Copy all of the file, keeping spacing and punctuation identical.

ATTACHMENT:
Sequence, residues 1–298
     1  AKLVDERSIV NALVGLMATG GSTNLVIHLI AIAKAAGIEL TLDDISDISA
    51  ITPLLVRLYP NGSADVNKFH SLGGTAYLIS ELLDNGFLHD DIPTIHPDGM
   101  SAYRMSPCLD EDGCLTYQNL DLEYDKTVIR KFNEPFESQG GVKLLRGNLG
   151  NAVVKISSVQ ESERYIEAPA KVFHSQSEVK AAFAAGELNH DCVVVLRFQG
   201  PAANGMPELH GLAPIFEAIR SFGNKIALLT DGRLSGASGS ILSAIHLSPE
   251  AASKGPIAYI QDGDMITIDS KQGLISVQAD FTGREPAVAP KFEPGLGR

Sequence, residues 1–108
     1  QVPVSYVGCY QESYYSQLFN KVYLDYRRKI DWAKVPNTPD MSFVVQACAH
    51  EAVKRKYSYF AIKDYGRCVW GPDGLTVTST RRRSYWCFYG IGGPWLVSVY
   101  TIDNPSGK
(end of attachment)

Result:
Sequence, residues 1–298
     1  AKLVDERSIV NALVGLMATG GSTNLVIHLI AIAKAAGIEL TLDDISDISA
    51  ITPLLVRLYP NGSADVNKFH SLGGTAYLIS ELLDNGFLHD DIPTIHPDGM
   101  SAYRMSPCLD EDGCLTYQNL DLEYDKTVIR KFNEPFESQG GVKLLRGNLG
   151  NAVVKISSVQ ESERYIEAPA KVFHSQSEVK AAFAAGELNH DCVVVLRFQG
   201  PAANGMPELH GLAPIFEAIR SFGNKIALLT DGRLSGASGS ILSAIHLSPE
   251  AASKGPIAYI QDGDMITIDS KQGLISVQAD FTGREPAVAP KFEPGLGR

Sequence, residues 1–108
     1  QVPVSYVGCY QESYYSQLFN KVYLDYRRKI DWAKVPNTPD MSFVVQACAH
    51  EAVKRKYSYF AIKDYGRCVW GPDGLTVTST RRRSYWCFYG IGGPWLVSVY
   101  TIDNPSGK